I DO currently have access to the full Free Press archives, which is something that's not true for most cities, so I'm augmenting where possible and where there are things that jump out. In the later years, though, stores were often less likely to list addresses in their ads, particularly in big cities, so that will be hit and miss.

The city directories generally had some level of canvassing as part of the process, which makes them far more reliable and consistent than phone books (which are essentially useless) but there are always issues, again particularly in bigger cities. Unfortunately, I do not have access to the full directories for cross-checking addresses as they have not been digitized and I don't live anywhere near Detroit and will not likely be returning there till after the spring thaw.

So Detroit will continue to be a work in progress. I have to take a little break from it now because I've been looking at it for so long. I'm going to work on another city for a while and then take my holiday vacation (which will NOT be spent in the Detroit Public Library, with or without HVAC) and I'll be back to finish up this section after the first of the year.

Until then, most of the Detroit section is done anyway:

https://www.groceteria.com/place/us-michigan/detroit/
rich
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Re: Detroit Sneak Preview

Post by rich »

In the distant past, I've done various kinds of geographically-based estimates and distributions of various things---city directories were good for residential and multi-family (they would enumerate these well even if no one was identified as a resident/tenant) housing, but the commercial stuff could be inconsistent and they seemed to rely on chain retailers and other businesses to buy listings and could be lax when they didn't.
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Re: Detroit Sneak Preview

Post by jleyerle »

In the inner ring Oakland suburbs, there were a number of National supermarkets which went in roughly in 1960 which were pretty cookie cutter--barrel roofs, diamond signs, edge of town (at the time)...there's one in Algonac (granted that's not an inner-ring suburb), but also Royal Oak (Crooks/Webster) and Southfield (Greenfield/13)
ken fink
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Re: Detroit Sneak Preview

Post by ken fink »

I appreciate all the work that has been done on the Detroit area. I'd like to add a little history from my family. My father, Harry Fink owned and operated Banner Market at 6921 Michigan Avenue (Michigan and Larkin). His mother and 3 partners formed the Outlet Market corporation in the 1930's. In 1931, around the time my father joined the corporation, a group of stalls on this site were enclosed with an exterior wall and roof. This enclosure was leased by Mr. Larkin to the Outlet Market Corp. Outlet consolidated into one store with the public name of Banner Market. Jacob Reisman and my father were the only two partners by the early 1940's. By the late 50's my father was the sole owner. The store remained in existence until about 1973 (my dad died in 1969, we sold the store in 1970 and it went out of existence a few years later). Banner Market was closely associated with other independents in the area. They shared advertising, marketing and often bought from a common wholesaler. Grosse Pointe Foods (Nate Shaye) was a major wholesaler for these markets and later became the owner of of a chain (was it Big Bear? How was the Borman -- Chatham/Wrigley -- family connected?). Primeat was our major pork/beef supplier. Some of the early history of Banner (Outlet) Market can be found in a Michigan Supreme Court ruling 'Cohen v. Outlet Market Co' May, 1945 311 Mich 327.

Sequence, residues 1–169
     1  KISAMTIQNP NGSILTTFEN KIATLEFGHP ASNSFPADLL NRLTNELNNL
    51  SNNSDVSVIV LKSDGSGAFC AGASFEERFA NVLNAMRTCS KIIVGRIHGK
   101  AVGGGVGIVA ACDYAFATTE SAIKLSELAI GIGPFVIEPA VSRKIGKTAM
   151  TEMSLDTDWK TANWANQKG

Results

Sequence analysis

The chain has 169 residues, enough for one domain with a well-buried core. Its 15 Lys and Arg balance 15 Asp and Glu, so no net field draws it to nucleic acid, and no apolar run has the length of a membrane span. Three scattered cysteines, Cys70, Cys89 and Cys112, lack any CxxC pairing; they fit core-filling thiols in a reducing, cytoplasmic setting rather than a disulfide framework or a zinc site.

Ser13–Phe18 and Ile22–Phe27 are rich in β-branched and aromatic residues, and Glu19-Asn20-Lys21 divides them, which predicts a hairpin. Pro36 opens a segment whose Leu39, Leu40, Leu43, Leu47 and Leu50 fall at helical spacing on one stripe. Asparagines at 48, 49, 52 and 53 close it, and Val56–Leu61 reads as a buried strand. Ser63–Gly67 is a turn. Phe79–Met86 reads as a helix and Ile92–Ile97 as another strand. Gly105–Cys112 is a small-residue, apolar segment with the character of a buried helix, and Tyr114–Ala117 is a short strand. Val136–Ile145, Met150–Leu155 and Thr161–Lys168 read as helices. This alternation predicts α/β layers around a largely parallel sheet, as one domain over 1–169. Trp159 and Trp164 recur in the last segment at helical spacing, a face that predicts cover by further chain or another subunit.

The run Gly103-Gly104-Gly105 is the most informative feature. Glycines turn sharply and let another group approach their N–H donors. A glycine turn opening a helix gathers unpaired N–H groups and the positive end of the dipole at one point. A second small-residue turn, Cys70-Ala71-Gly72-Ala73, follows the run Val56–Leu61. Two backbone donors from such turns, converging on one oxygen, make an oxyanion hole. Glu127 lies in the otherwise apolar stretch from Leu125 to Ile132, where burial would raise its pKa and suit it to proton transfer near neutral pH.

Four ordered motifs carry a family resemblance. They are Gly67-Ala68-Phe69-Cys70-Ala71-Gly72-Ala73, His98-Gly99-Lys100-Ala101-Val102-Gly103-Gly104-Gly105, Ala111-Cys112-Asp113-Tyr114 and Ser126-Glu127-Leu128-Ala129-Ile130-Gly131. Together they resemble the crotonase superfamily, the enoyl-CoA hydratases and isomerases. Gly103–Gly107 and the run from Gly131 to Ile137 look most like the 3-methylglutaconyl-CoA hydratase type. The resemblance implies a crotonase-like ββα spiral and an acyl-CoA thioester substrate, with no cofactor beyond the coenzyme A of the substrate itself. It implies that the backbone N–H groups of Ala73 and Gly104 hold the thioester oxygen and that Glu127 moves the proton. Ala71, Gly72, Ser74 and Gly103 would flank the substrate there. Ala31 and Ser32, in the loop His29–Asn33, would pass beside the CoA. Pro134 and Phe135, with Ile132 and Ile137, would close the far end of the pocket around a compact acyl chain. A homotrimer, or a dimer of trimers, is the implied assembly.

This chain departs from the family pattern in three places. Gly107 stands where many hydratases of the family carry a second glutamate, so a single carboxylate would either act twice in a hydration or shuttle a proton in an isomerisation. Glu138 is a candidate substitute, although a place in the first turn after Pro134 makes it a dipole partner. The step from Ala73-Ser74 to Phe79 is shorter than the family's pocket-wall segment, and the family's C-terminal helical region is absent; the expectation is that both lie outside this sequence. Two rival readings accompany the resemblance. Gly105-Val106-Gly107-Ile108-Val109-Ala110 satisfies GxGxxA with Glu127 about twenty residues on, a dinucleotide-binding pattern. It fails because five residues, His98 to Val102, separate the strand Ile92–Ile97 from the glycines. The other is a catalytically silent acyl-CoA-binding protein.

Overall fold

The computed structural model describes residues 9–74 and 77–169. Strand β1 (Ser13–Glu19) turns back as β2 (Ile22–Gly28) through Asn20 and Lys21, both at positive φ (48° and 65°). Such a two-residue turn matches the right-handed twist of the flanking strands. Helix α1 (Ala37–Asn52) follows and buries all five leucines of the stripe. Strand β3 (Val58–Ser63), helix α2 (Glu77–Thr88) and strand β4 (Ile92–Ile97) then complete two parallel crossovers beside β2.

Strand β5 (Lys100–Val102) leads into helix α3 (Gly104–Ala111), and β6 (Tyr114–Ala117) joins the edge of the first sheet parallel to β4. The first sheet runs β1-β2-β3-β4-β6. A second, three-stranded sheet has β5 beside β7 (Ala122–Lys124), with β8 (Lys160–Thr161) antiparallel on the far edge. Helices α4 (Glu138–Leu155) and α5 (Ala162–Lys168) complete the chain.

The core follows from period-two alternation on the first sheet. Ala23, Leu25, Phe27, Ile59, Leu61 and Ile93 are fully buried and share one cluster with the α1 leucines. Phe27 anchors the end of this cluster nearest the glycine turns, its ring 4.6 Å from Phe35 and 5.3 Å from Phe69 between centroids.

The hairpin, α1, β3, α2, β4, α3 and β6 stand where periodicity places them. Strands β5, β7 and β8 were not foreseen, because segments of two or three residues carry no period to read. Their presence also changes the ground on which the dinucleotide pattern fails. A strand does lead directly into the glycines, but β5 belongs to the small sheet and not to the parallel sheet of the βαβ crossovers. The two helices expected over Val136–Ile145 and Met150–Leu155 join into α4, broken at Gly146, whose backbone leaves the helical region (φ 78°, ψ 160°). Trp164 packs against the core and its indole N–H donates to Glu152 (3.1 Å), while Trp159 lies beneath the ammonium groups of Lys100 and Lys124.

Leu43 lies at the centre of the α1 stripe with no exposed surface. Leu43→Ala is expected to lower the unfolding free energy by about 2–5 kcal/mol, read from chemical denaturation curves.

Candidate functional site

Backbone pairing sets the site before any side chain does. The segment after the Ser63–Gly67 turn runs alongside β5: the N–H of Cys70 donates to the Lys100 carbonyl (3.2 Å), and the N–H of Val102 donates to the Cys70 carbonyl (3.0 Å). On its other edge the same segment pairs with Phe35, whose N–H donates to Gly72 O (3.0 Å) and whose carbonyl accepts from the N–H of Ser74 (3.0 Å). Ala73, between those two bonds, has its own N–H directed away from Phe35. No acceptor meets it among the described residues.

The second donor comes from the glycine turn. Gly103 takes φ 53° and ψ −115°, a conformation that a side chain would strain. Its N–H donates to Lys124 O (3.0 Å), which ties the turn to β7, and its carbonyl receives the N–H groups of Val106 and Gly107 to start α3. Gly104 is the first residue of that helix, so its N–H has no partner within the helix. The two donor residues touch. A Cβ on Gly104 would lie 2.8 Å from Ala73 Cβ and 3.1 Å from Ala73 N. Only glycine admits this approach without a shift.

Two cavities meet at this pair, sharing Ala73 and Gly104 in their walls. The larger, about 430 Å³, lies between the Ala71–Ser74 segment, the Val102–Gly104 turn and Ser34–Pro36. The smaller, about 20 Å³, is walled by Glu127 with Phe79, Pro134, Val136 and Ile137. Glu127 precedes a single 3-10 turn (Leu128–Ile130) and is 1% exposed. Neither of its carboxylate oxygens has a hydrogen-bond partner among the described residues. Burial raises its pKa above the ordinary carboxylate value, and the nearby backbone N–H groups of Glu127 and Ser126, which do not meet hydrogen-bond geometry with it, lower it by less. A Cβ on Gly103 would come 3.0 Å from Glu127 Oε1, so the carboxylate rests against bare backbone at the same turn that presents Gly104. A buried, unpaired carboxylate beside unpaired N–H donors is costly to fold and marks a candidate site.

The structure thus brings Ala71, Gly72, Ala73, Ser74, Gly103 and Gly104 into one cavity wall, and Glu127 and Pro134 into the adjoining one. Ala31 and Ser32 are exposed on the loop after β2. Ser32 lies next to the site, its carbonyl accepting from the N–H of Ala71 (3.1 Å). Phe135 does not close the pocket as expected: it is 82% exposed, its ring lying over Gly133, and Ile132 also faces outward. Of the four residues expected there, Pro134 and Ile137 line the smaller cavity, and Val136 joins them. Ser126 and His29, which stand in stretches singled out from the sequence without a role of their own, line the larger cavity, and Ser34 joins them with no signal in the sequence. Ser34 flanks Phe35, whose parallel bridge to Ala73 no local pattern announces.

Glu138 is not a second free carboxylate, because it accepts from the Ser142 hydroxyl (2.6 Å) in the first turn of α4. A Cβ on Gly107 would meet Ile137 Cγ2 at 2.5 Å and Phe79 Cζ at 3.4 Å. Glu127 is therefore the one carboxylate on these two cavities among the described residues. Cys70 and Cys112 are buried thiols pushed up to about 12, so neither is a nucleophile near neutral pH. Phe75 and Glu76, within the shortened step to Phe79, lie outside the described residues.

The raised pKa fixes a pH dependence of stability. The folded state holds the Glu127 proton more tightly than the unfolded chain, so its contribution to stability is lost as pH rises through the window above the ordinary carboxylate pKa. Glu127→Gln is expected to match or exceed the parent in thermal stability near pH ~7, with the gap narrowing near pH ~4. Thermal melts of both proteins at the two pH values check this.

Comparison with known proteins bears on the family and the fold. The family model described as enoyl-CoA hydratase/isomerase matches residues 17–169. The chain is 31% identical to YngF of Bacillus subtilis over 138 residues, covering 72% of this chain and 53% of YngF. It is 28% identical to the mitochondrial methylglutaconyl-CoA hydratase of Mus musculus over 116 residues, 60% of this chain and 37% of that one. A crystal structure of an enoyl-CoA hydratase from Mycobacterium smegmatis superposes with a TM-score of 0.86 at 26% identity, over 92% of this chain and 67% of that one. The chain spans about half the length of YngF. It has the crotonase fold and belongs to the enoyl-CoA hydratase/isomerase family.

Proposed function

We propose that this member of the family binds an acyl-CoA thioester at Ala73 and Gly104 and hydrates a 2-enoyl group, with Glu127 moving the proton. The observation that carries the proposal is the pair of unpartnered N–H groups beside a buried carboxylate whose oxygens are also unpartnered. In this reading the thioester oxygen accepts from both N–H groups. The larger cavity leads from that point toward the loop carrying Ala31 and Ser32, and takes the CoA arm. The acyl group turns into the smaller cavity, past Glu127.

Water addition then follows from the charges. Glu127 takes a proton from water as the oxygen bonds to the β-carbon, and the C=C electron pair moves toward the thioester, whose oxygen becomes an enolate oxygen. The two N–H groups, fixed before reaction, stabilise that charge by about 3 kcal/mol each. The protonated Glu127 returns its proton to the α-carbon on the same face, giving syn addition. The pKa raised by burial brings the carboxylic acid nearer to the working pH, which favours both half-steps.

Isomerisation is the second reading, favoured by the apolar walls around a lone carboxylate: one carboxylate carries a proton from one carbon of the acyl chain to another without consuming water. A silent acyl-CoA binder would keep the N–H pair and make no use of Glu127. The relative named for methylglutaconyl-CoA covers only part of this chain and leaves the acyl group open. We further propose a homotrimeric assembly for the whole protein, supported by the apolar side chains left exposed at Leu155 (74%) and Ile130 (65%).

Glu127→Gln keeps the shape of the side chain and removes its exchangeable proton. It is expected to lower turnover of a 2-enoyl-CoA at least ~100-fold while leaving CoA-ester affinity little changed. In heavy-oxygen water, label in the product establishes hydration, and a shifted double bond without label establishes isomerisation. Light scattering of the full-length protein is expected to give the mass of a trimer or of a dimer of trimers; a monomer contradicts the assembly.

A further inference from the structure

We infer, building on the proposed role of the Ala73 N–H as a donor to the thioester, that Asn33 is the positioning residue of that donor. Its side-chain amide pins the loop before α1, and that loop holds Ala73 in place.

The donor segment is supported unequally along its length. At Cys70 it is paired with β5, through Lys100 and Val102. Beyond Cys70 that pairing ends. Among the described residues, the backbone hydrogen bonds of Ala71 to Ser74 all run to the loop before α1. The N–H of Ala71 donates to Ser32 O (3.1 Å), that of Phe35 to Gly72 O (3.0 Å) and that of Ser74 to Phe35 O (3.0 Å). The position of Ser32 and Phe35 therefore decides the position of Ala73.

Our family considered Banner to be a 'supermarket' because we sold groceries, fresh meats butchered to order, made our own sausage, fresh baked goods (from Harnick bakery on Michigan Ave. a few blocks east of the store), fresh produce (5am runs to Eastern Market twice a week), pharmaceuticals, stationary, records, etc. In the early 60's, in the associated building behind the store, we were still selling live fowl that we butchered on site to the specifications of our customers. Most of our customers were Polish (bottles of Czarnina were always found on the top of our meat cases, whole grains were sold by the pound and 100's of cases -- 24 bottles -- of Strohs/Schmidts and Pabst were sold every Friday/Saturday)

Our closest competitors were a small A&P (across the street and a few blocks east -- towards Livernois) and later Shopping Center (across the street and a few blocks west). This was the first Shopping Center market, they later opened a store in northern suburbs and eventually re-named (I believe) as Hillers.